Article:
The board of governors for Pennsylvania’s 14 state-owned universities today gave member schools greater autonomy to create minors and certificate programs and approved additional tuition price flexibility experiments, including one at Clarion University.
The board also voted to give local universities a greater role in helping the system vet prospective campus presidents, part of a wider effort to defuse campus-level criticisms that the system is not responsive to the needs of individual campuses and does not move fast enough to respond to market changes.
Among the presidential search changes are inviting chairs of university trustees and local search committees to participate in final deliberations leading up to board of governors’ votes to hire new campus leaders.
State System Chancellor Frank Brogan has said system leaders are committed to giving more local control in development of minors, certificates and letters of completion. Today’s board vote effectively shifts decisions on those from the system to local campuses.
In January, the board approved pilot programs giving several campuses added flexibiity to lower charges for some programs to spur enrollment and to adjust prices upward for others particularly in science and technology that are considered high demand and expensive to deliver.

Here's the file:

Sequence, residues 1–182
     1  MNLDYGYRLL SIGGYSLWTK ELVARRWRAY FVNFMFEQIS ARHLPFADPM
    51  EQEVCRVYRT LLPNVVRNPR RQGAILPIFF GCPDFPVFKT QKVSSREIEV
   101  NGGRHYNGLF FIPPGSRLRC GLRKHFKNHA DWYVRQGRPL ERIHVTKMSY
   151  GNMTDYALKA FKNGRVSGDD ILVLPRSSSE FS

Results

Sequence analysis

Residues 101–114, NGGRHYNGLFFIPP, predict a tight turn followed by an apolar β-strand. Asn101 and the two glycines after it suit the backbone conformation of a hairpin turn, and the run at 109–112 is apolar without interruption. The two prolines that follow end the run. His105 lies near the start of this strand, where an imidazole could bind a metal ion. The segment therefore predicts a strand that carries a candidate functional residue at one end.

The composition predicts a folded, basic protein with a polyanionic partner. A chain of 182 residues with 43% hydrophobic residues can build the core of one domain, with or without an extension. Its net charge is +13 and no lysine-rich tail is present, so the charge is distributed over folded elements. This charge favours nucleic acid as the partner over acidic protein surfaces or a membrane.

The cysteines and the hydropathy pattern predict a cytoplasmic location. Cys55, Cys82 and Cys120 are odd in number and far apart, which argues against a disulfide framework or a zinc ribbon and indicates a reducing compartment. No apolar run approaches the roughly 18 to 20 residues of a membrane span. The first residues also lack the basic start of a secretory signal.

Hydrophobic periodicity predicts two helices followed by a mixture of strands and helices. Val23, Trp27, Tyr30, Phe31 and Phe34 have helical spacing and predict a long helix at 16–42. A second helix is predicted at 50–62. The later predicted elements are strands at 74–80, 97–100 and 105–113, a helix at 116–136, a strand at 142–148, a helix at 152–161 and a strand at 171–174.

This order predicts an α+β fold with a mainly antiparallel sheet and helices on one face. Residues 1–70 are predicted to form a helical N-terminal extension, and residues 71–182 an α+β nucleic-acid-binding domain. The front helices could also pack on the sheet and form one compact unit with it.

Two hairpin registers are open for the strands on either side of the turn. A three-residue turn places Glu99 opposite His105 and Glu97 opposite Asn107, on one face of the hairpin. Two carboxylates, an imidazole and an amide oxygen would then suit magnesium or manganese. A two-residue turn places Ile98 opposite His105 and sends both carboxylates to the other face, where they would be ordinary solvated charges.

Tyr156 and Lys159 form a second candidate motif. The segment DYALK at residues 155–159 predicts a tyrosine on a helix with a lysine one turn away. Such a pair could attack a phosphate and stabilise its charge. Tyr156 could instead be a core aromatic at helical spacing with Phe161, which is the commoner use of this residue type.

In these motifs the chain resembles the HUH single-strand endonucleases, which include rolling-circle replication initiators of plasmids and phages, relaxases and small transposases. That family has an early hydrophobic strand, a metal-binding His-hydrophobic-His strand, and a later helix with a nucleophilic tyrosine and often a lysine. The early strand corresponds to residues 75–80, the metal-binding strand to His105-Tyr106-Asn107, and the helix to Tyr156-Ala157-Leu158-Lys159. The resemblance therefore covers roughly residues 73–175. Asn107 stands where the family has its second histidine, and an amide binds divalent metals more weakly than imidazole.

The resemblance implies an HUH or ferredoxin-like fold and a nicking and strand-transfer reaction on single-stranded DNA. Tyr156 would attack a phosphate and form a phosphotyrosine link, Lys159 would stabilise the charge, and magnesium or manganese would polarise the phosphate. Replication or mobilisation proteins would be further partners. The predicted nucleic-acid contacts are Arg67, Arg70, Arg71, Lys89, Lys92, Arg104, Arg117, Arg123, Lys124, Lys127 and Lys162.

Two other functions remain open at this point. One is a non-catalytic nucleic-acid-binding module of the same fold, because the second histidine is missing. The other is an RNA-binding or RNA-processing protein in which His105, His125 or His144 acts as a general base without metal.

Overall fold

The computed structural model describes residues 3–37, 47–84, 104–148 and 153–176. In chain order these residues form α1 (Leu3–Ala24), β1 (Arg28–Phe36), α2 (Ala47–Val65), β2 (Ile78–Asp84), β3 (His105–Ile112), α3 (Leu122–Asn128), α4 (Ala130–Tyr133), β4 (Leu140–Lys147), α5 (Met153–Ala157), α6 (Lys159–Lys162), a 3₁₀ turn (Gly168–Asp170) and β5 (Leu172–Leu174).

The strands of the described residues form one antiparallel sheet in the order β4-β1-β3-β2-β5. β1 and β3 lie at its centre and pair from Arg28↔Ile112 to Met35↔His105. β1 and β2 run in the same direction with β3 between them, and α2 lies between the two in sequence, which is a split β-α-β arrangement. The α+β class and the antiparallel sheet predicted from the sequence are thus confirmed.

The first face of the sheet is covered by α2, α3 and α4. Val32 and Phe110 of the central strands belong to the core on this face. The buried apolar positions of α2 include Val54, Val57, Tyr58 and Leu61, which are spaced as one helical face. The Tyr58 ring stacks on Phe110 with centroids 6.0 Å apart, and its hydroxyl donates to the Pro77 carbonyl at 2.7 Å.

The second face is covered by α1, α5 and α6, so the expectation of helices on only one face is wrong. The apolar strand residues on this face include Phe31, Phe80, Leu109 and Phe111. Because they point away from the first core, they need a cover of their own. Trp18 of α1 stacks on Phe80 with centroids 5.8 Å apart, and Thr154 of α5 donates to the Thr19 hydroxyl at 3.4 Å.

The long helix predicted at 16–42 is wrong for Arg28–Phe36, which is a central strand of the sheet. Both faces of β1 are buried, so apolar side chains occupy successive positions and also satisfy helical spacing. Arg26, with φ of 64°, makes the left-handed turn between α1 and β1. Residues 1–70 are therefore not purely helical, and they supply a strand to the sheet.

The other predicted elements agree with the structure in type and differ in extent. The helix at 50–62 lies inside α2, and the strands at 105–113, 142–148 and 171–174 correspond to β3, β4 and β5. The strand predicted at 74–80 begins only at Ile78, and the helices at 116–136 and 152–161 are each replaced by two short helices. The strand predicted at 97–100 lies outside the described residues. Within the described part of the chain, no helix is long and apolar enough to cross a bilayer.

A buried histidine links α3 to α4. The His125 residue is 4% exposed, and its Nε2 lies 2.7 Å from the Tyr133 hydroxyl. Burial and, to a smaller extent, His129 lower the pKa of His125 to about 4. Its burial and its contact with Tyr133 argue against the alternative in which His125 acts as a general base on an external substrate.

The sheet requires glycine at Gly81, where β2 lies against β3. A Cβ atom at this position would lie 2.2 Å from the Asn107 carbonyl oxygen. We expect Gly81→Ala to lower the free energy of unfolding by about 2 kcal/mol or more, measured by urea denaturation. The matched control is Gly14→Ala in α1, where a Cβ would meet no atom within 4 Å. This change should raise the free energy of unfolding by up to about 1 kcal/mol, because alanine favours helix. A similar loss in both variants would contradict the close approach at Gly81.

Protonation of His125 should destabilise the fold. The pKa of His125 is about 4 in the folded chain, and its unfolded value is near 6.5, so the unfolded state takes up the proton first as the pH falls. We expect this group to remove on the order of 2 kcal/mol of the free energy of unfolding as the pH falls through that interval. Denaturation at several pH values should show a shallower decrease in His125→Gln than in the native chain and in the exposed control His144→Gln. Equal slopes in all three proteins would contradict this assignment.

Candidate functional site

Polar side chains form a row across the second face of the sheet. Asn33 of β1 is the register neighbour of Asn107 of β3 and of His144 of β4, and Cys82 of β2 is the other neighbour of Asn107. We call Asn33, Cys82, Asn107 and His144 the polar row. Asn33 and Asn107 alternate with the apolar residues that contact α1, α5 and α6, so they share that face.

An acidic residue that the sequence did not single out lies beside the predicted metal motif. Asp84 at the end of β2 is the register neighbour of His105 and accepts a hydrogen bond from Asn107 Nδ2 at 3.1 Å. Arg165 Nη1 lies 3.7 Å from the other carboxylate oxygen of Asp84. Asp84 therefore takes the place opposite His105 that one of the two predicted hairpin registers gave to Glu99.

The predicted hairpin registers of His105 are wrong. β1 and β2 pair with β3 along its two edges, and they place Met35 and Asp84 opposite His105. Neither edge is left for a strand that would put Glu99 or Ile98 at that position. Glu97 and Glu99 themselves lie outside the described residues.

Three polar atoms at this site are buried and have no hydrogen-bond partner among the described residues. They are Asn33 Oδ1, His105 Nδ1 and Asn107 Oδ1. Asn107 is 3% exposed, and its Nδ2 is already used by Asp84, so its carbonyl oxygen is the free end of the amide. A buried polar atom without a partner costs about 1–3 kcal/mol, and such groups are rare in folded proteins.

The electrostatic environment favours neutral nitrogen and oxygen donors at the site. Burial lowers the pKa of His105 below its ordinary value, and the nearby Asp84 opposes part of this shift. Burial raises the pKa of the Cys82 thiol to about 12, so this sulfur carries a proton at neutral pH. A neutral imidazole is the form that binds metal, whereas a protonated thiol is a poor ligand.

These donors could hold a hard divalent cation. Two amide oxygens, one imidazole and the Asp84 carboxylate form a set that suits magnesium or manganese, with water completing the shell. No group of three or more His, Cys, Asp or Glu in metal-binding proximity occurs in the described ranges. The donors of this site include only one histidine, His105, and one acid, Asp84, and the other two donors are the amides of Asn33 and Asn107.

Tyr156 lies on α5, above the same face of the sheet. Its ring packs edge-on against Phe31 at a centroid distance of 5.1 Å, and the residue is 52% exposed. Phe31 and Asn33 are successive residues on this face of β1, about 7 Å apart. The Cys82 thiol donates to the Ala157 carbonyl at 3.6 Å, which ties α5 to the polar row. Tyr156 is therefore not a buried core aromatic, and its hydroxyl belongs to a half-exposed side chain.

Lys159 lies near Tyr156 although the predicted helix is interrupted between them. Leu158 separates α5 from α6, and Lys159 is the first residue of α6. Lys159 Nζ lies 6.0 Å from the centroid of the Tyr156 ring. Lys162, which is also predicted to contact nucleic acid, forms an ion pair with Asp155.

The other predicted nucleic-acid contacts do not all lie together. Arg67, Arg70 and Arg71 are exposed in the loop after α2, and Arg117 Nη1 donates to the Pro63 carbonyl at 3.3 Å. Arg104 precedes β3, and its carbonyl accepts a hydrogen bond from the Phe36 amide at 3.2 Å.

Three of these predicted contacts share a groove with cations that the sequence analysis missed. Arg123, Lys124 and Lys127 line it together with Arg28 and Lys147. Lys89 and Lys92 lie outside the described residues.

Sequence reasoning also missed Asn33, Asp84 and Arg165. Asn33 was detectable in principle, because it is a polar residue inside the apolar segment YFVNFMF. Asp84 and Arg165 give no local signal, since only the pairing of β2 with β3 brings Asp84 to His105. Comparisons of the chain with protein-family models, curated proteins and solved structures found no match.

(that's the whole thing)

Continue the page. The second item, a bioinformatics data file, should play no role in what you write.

Three more pilot programs were approved today, including one enabling full-time undergraduates at Clarion University to pay per-credit rather than the traditional approach of charging a flat rate to those taking 12 to 18 credits. If implemented by Clarion, it would take effect in 2015, system officials said.
The per-credit price at Clarion would be adjusted so that students on average would not pay more than they currently do, but instead would gain greater payment flexibility that could help reduce the numbers who leave campus for financial reasons, system officials said. Those losses are believed to have been one contributor to an overall 17 percent enrollment loss at Clarion since 2010.
Steve Hicks, president of the Association of Pennsylvania State College and University Faculties, cautioned the board to guard against excessive tuition increases in the STEM disciplines of science, technology, engineering and math.
“We want to be careful not to drive undergraduates away from these majors due to the pricetag,” he said today.
Board member Ron Henry, chair of its finance committee, gave an assurance later in the meeting that the intent is that “students not be squeezed out of programs."
The State System enrolled 112,00 students including those on the Western Pennsylvania campuses of California, Clarion, Edinboro, Indiana and Slippery Rock universities.
Bill Schackner: firstname.lastname@example.org, 412-263-1977 and on Twitter: @BschacknerPG.